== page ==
Sitting down with Stephens

Among Washington State’s student-athletes, Cougar volleyball junior Tani Stephens immediately stands out.

As The Daily Evergreen sat down and peppered her with questions, and she had thoughtful and genuine answers for everything from her play on the court to the her father’s influence in her life and career.

Her father – her coach and mentor – who has only missed two of her collegiate games in three years, always told her to never let people’s and coaches’ perceptions of her 5-foot-8-inch frame get in the way of her success.

With a 3.74 GPA, Stephens has proved ever since middle school that one can become a scholar-athlete without sacrificing the principle of chasing one’s dreams.

The Daily Evergreen (DE): What’s your best asset you provide to the team?

Tani Stephens (TS): I feel like I’ve become more of a vocal leader this year. I used to not speak so much, so when I do now, I think it makes more of an impact with my team. I’ve always been quieter in my attitude and my demeanor, but I really feel like I have come into my own as a leader on this team. Coming in, I was super quiet and all (the coaching staff) wanted me to do was be more vocal. So I’m really proud of how I have sort of come into my own.

DE: Why did you choose WSU coming out of West Albany High School in Oregon?

TS: I thought that it was similar to OSU’s campus, which I’ve always grown up around. And I always liked that campus feel, where sporting events are more centralized and easy to get to. (Pullman) is also close to home, but not far away enough that I’m basically going home every weekend. It’s about a 6-and-a-half hour drive away, so my parents can still come to every game.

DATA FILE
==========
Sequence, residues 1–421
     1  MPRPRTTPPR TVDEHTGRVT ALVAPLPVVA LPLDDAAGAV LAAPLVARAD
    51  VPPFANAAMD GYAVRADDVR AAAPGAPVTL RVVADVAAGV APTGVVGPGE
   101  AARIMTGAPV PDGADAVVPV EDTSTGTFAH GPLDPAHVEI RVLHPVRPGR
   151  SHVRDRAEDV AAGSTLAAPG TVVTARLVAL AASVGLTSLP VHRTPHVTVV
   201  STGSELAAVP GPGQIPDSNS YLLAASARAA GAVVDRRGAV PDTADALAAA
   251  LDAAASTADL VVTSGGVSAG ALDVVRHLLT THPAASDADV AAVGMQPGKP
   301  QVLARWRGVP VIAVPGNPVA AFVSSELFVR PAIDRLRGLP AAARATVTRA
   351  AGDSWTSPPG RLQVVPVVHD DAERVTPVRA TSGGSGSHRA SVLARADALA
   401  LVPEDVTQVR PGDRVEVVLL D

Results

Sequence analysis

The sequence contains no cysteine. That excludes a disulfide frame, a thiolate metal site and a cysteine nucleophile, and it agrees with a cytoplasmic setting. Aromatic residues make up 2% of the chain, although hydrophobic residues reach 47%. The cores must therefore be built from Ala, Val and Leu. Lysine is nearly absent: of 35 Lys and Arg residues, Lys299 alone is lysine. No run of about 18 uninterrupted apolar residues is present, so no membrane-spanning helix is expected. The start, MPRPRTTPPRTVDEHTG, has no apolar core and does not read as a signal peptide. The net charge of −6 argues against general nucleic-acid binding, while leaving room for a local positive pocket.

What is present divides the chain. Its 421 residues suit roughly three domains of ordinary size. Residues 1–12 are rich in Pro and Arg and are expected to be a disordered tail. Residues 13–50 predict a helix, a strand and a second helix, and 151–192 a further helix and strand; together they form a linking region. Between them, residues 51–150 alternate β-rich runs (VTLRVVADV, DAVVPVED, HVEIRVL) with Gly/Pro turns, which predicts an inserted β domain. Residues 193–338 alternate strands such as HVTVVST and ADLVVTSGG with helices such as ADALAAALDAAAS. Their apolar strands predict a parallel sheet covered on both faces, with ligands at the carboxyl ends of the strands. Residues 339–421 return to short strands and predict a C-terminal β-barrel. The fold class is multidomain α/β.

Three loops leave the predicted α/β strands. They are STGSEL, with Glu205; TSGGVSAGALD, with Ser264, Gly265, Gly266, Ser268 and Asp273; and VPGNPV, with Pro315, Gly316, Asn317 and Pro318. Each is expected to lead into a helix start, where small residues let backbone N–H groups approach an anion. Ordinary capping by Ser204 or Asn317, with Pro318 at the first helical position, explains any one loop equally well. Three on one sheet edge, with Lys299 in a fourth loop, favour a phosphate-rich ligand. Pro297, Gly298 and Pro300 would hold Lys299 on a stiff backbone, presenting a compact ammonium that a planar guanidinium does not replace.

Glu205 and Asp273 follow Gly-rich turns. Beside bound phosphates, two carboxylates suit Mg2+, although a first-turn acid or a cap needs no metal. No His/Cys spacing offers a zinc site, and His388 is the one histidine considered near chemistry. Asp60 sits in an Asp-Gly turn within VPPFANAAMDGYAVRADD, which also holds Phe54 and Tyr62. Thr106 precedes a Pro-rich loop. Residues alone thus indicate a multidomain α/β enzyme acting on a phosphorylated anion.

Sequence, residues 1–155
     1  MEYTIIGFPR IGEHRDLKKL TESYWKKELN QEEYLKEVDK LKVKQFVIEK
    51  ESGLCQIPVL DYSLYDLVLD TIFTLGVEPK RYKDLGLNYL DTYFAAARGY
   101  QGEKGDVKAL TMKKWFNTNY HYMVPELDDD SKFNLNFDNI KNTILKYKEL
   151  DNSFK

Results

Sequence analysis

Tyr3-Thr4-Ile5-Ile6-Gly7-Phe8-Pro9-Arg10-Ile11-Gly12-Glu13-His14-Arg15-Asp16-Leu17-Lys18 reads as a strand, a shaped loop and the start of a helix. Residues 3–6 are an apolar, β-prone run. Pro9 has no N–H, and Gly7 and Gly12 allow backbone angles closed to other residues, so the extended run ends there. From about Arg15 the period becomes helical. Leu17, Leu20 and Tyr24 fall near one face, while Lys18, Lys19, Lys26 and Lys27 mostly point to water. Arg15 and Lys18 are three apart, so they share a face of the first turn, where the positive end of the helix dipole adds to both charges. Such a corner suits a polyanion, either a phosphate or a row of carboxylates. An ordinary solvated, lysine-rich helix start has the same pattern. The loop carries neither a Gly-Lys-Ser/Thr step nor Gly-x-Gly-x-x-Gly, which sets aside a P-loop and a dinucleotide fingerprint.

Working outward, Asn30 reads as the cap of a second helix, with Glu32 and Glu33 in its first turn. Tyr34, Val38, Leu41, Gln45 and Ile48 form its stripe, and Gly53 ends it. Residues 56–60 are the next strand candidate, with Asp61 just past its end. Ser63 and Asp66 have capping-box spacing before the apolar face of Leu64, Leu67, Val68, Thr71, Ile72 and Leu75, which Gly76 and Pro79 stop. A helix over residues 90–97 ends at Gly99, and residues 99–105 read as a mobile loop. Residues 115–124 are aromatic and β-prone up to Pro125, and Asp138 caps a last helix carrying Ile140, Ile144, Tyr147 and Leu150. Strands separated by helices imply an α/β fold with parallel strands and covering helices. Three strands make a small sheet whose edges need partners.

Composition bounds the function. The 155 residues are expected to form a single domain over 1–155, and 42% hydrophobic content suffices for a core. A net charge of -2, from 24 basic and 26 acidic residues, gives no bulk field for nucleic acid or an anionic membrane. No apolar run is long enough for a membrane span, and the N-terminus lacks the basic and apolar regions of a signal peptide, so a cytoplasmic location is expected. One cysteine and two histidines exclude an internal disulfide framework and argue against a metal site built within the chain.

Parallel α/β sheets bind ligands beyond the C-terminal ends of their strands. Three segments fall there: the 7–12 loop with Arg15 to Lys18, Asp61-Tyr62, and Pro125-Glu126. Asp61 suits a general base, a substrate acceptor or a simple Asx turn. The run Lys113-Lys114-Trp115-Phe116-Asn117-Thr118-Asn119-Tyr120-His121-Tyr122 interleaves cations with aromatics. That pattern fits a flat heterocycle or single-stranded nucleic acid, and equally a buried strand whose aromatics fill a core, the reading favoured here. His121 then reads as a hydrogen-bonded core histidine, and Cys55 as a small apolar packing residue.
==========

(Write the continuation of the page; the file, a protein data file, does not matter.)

DE: Describe the recruitment process with WSU.

TS: Jen actually came to my club practice my junior year and she was recruiting another girl who was previously in our club program but was playing at another university and wanted to switch schools. So she came to watch her and ended up seeing me and talked to my coaches. Then Burdette emailed me the very next day saying, “Hey, we genuinely want you.’

DE: What are some of your best memories from Albany and Corvallis?

TS: I played sand a lot growing up, and I think that’s one of the reasons that I’m the player that I am today. It’s just such a volleyball community, both indoor and with the clubs. Like any place you play sports, you meet so many people that when I go back to Oregon for games, there’s so many people there just to watch volleyball. The connections I made there never go away.

DE: You were the Gatorade High School Volleyball Player of the Year and won a state championship your senior year in high school. Without outstanding accolades like the one’s you have, are volleyball players in Oregon at a disadvantage in the recruiting game?

TS: It’s definitely harder to get seen in a place like Oregon. I had to travel an hour-and-a-half to play for the best club and coach I could find. It’s so spread out in Oregon that it is rare to find a team and coach that are the best group together. Because of that, I think people don’t go and look there unless they’re from a small school or looking at an amateur team outside of Oregon.

DE: I know you did NHS in high school and were named to the Pac-12 All-Academic honorable mention team last year. What is the key for a talented athlete to balance his or her academic and athletic paths?